If yours is among the thousands of companies that invest in new help and service desk software every year, you probably want to know more about IT ticketing software. IT ticketing applications are a core function of IT service desk and help desk platforms, and the names are sometimes used interchangeably.
This guide will help you better understand the role of IT ticketing systems. It will explain how they fit into a general IT services management strategy, as well as what to consider when purchasing IT service and help desk platforms.
We’ll discuss the following:
IT ticketing software is extremely common, and goes by many different names: incident management software, incident tracking software and trouble ticket software are just a few examples. Though there can be slight functional differences, all of these systems typically serve the following purposes:
IT ticketing systems include a variety of functions to assist with—and automate—the processes and procedures outlined above. These are discussed below.
While IT ticketing systems do come in a variety of industry-specific platforms (more on those below), there’s a group of core functionalities common to most. These include:
|Ticket creation||Allows tickets to be created by employees (or, occasionally, end users) to initiate a service request. Some platforms can automatically create tickets from emailed service requests.|
|Ticket ownership||Maintains a record of each ticket’s ownership status, showing which agents have previously collaborated on it and what party is ultimately responsible for its resolution.|
|Automated handling||Ticket ownership is updated and (re-)assigned automatically, based on the company’s specific workflow and predetermined conditions.|
|Policy enforcement||Ticket policy enforcement helps ensure employees follow company policies and procedures—for example, by ensuring they’ve completed all necessary steps before opening, closing or reassigning a ticket.|
|Knowledge base||A knowledge base is a centralized repository of information that agents can refer to, learn from and add to when handling tickets and collaborating with coworkers.|
|Reporting and analytics||These tools measure the company’s ticket processing and provide insight; into, for example, changes in ticket volume that might suggest problems with a product, or the productivity of employees working on different types of tickets.|
|Custom fields||The ability to add custom fields to IT tickets lets companies tailor and expand the system’s capabilities to their own specific needs, the needs of their industry or the needs of customers.|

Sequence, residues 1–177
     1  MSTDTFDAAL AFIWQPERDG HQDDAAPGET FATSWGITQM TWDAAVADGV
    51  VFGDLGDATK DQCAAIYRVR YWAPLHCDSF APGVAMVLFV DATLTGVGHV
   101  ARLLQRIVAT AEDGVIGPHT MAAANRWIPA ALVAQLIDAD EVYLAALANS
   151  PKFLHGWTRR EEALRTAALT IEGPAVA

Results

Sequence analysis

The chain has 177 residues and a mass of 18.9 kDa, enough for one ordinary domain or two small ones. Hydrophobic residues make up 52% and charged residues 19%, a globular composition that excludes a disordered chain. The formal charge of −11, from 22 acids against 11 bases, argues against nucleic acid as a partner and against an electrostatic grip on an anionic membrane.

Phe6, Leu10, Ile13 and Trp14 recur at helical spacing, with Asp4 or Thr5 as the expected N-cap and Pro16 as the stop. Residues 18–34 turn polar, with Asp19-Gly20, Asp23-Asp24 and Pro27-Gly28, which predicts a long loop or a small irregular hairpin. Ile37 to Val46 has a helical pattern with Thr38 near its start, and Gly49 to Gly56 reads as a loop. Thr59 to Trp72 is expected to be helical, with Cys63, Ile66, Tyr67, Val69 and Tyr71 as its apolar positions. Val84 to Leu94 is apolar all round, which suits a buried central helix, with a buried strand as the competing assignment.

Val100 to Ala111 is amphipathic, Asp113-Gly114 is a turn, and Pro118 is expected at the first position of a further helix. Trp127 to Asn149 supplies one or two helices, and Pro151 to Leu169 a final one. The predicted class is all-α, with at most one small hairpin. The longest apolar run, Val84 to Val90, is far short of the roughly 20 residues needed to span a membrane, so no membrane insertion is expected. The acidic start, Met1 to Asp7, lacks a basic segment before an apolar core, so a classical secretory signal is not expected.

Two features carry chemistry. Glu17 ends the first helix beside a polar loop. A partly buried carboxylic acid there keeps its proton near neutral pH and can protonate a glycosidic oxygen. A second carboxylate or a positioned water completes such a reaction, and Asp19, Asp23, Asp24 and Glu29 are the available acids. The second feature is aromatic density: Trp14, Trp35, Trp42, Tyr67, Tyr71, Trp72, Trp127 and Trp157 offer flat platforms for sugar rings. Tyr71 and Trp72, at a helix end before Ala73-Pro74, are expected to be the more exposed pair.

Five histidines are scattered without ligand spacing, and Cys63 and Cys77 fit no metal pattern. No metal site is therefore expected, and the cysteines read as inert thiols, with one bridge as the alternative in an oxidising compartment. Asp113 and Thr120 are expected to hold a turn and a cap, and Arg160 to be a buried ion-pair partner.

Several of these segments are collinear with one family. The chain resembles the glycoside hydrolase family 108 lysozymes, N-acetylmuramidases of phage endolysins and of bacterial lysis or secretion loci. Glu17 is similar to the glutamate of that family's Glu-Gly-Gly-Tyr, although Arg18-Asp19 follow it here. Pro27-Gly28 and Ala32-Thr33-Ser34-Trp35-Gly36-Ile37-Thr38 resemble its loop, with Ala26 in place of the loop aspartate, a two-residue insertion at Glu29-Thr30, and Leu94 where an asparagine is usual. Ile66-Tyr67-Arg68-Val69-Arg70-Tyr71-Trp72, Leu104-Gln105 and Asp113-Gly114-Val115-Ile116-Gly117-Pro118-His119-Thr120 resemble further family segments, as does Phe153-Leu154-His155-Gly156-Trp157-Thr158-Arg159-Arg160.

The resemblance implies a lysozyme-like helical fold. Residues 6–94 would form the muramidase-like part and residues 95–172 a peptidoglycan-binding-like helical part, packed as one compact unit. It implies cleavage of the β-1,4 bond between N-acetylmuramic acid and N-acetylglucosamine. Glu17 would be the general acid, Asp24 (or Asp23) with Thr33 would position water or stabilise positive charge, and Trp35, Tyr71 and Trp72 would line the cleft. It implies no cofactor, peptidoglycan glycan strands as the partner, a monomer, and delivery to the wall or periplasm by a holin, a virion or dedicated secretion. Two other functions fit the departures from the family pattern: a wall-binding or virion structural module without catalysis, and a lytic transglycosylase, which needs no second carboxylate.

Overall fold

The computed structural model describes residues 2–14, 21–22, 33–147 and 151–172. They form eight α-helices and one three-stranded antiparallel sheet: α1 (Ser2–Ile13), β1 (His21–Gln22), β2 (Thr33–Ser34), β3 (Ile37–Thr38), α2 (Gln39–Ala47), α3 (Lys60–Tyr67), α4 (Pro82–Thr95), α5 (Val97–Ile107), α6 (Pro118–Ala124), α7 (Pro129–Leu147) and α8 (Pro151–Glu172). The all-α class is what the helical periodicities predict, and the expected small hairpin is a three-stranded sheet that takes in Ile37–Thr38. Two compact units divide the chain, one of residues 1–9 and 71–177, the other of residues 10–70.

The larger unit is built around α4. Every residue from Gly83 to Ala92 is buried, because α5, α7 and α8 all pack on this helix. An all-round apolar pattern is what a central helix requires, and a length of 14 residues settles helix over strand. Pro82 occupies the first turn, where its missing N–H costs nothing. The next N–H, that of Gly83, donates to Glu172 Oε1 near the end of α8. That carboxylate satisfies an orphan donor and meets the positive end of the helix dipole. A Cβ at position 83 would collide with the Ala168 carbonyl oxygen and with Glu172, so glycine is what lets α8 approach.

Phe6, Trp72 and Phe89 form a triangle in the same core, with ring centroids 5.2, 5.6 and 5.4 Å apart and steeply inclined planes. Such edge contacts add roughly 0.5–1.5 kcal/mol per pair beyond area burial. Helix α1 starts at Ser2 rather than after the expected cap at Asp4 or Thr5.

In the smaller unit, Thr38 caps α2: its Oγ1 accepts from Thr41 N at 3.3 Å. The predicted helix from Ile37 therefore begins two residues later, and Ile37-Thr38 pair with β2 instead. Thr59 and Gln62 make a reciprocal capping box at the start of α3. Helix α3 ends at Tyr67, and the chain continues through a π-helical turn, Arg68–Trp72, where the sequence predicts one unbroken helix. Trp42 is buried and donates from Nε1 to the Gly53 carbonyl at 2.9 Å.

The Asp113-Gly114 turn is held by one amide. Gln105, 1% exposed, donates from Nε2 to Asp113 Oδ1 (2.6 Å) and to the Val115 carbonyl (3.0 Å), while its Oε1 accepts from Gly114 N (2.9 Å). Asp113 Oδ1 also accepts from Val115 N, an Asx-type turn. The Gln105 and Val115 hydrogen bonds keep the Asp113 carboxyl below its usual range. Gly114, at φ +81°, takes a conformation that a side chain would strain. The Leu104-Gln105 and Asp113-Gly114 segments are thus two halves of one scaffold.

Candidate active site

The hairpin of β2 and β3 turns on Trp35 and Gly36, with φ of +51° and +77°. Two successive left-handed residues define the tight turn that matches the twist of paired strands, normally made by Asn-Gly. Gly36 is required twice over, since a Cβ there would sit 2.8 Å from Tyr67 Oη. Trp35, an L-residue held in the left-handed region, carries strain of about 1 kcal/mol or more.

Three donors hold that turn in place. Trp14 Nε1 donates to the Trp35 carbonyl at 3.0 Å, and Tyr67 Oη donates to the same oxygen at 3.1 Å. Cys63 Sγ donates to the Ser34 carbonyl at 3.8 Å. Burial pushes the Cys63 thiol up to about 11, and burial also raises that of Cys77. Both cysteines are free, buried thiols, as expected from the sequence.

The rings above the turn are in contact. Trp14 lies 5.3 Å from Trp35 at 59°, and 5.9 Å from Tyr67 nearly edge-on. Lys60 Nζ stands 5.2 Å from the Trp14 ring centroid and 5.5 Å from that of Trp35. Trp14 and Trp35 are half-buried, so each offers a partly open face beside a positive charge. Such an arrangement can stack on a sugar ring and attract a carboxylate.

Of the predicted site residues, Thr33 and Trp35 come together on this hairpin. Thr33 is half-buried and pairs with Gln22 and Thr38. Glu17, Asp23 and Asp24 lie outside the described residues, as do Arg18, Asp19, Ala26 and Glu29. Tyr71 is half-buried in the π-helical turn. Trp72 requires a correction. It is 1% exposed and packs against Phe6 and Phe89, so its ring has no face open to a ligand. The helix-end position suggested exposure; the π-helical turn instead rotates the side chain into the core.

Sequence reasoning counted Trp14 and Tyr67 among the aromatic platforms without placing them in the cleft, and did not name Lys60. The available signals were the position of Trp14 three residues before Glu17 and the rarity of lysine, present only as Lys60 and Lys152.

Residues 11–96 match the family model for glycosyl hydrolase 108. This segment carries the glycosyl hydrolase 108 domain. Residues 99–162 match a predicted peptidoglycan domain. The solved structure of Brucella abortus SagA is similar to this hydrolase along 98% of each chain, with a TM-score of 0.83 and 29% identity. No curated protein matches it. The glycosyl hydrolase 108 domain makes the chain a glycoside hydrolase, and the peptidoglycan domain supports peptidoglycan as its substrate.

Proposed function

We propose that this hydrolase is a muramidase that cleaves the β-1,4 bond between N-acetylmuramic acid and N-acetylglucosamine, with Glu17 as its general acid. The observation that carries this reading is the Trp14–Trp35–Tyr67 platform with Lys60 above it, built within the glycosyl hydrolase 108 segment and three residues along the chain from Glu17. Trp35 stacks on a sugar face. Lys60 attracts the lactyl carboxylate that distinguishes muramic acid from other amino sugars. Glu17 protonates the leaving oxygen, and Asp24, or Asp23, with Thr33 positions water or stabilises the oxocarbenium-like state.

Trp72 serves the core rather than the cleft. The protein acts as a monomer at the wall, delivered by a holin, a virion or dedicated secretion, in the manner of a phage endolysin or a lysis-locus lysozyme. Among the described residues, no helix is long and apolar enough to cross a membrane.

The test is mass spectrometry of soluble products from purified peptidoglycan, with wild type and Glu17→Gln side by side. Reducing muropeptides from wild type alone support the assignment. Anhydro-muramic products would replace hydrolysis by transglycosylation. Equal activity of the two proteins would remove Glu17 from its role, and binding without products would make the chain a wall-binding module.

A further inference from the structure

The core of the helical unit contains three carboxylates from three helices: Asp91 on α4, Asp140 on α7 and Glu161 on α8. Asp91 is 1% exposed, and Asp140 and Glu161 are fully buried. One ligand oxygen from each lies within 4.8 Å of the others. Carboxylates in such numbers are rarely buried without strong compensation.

IT ticketing systems are sold as both on-premise installations and as cloud-deployed solutions. They may be available as stand-alone systems, but are more often bundled with other software applications and suites. These include:
Help desk software: IT ticketing is the central component of help desk software. Help desk software is used to manage IT issues experienced and reported by employees.
Customer service software: Customer service platforms also include ticketing functionality. These systems are used as described above, only the end users are customers instead of employees.
Bug tracking software: Bug tracking software also includes ticketing functionality; however, it’s almost always used internally, and primarily used by software development teams.
There are several different pricing models for IT ticketing systems. These include:
Free and freemium: Products like Freshdesk and Spiceworks offer free cloud-based IT ticketing systems. These can be a good choice for companies with very limited requirements or those that expect a low volume of incoming support requests.
Per-agent, per-month: A majority of IT ticketing systems follow this pricing model. Zendesk, one of the most popular products in this space, has plans that cost $5, $19, $49 and $99 per agent, per month. The cheapest is a barebones option with very limited functionality, while the top tier includes a wide selection of basic and advanced functionality.
One-time fee: Some of the most advanced and enterprise-focused ticketing systems can be purchased with a one-time fee. The fee is usually based on the number of agents who will use the system and the degree of integration and support the purchasing company needs.
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